Second, including in the act key provisions to strengthen how it is interpreted is important, such as a purpose statement, along with considerations for decision-making and factors to inform the making of regulations under this bill that reflect key sustainability principles.
Third, the bill introduces provisions that address the rebuilding of depleted fish populations. We talked about that earlier.
Fourth, it would establish a public registry to support the assessment of cumulative effects and to enhance the transparency of decision-making.
Fifth, strengthening provisions with respect to ecologically significant areas would move us from concept to action, at last.
Sixth, there is greater recognition of indigenous rights and knowledge, particularly in light of the historic commitment of the House in Bill C-262 to enshrine the UN Declaration on the Rights of Indigenous Peoples.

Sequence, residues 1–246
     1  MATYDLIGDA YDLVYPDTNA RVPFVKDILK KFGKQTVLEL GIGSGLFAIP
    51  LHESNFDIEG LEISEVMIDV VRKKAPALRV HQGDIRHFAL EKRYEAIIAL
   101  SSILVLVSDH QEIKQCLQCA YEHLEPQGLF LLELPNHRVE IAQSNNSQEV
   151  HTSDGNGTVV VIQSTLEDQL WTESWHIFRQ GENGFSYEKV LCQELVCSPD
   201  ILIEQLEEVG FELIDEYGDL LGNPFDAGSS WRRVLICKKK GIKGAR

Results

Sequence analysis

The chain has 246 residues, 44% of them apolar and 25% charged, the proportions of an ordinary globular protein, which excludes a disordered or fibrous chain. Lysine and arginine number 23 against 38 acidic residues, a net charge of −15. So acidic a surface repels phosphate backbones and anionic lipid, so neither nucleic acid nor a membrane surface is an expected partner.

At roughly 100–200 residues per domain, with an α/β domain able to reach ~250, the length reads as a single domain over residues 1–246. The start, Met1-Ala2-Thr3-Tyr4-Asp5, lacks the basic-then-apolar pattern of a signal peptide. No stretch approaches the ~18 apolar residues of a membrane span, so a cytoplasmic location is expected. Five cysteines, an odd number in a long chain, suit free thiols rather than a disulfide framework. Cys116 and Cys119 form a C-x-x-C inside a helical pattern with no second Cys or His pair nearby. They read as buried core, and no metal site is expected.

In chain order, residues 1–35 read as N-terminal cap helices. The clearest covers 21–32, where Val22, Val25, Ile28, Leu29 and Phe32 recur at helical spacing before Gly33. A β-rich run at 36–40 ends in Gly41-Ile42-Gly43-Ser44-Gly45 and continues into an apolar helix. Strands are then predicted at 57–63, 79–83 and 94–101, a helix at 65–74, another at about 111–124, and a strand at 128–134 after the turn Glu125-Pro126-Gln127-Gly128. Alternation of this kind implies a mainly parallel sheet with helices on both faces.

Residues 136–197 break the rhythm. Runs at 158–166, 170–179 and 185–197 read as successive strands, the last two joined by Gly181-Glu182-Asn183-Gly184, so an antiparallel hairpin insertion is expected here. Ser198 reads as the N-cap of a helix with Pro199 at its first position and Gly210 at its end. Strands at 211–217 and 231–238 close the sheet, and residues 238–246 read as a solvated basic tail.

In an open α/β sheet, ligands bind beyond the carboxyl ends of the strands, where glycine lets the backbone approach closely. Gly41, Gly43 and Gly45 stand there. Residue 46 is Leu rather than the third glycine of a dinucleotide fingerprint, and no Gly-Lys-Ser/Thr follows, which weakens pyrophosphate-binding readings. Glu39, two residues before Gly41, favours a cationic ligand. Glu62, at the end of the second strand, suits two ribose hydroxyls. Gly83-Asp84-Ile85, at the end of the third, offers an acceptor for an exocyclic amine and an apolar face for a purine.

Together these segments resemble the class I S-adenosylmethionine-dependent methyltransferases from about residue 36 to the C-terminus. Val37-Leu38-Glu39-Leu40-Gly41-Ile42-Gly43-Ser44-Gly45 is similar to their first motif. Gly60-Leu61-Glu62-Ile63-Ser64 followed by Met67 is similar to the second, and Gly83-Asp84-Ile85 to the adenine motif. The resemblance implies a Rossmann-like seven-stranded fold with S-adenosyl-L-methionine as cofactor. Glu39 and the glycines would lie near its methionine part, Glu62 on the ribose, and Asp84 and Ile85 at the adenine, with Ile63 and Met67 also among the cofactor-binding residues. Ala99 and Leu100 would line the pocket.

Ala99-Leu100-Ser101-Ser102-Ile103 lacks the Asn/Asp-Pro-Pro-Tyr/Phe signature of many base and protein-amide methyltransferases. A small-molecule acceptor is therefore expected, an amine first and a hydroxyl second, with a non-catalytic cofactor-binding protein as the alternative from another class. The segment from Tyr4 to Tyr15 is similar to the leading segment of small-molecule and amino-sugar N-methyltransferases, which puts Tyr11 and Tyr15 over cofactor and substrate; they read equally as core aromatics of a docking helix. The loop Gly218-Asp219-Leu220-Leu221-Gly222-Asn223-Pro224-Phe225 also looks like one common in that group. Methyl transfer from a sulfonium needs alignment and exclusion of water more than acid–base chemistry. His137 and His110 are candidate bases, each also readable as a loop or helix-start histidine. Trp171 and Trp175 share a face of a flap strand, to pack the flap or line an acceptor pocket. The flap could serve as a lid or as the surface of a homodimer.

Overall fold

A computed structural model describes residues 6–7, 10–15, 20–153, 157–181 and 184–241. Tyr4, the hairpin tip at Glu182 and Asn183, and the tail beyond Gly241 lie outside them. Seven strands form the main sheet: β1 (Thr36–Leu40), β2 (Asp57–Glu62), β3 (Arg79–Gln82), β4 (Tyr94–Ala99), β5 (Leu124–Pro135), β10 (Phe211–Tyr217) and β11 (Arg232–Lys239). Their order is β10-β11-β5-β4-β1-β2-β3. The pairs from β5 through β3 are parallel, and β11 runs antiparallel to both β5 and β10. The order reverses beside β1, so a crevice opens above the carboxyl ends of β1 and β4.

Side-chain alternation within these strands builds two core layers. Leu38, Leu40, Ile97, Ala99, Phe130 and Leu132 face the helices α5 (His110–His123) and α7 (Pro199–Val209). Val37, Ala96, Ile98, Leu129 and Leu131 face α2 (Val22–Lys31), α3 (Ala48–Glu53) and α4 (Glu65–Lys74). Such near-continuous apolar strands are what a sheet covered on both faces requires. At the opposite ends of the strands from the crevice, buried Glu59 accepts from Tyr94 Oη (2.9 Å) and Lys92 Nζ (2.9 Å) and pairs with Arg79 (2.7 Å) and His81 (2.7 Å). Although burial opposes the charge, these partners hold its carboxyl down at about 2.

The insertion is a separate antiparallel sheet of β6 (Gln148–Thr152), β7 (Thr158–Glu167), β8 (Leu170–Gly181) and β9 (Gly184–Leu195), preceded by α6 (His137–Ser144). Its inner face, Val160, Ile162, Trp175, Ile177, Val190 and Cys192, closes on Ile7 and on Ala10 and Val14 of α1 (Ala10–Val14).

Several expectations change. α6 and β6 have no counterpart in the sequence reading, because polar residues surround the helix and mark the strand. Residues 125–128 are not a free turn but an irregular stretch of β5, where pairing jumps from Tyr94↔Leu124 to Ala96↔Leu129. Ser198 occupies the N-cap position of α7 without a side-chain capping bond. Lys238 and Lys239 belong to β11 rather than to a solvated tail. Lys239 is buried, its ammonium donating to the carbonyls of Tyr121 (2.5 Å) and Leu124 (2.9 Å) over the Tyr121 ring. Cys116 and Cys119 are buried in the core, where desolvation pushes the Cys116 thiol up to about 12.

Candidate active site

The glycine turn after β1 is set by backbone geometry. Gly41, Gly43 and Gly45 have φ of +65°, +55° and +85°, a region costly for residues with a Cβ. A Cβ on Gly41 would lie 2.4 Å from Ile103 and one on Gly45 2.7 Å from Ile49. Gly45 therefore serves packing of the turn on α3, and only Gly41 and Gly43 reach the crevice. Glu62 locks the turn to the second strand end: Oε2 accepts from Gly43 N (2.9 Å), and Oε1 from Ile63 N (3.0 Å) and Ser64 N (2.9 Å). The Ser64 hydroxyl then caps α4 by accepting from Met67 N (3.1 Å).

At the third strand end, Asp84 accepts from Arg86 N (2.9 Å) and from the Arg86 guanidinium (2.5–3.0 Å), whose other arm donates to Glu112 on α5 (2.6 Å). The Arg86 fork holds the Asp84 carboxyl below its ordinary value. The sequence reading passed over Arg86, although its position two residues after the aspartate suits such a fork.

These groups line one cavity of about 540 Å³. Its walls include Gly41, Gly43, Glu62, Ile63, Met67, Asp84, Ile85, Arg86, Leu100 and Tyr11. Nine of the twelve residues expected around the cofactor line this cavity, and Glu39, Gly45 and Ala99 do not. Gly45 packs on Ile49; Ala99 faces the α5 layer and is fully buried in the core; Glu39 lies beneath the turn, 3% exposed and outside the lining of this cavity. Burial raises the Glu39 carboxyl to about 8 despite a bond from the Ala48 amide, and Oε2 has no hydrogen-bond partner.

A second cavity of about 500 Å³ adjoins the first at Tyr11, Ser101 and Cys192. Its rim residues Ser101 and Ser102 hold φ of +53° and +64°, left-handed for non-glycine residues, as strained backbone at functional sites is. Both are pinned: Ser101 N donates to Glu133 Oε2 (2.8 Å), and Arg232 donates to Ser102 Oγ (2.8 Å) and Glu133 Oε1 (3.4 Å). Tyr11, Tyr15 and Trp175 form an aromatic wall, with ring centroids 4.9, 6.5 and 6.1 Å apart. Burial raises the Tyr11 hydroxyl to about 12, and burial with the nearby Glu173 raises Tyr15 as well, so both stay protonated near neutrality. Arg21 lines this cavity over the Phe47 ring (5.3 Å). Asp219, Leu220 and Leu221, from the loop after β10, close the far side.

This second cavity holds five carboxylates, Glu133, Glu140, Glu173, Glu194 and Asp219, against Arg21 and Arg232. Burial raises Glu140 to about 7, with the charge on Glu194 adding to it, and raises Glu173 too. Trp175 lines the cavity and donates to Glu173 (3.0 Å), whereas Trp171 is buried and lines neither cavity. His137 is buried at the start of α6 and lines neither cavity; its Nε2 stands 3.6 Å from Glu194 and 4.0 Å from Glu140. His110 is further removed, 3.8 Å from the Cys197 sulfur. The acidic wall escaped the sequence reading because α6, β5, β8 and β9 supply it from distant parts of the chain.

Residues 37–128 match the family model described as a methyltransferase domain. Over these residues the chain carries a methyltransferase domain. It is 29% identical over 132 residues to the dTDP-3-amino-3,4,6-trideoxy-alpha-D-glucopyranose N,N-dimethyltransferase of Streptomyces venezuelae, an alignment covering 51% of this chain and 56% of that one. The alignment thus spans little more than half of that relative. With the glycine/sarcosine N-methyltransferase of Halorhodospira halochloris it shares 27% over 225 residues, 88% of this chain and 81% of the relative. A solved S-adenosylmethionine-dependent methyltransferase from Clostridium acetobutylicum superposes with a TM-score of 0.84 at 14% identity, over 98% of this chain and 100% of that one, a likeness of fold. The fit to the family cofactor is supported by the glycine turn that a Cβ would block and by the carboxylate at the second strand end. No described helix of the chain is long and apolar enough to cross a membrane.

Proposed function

Finally, the fact that there is going to be a statutorily mandated review every five years is also an important evergreen provision in this bill.
The bill was amended at committee. One of the important amendments was the rebuilding of fish stocks section, because the core function of Fisheries and Oceans Canada is to manage our fish populations for the long term so that we have a sustainable fishery. That is what this is all about. If they are not at a sustainable level, we will not be able to allocate the fish because we will not have the fish to allocate. That is obviously important. For the first time in 150 years, Bill C-68 recognizes the importance of rebuilding overfished stocks by creating a legal duty to develop plans aimed at moving stocks out of a critical zone. I think that this is really important, if, as I suggested earlier, regulations are actually made to do the work that is necessary.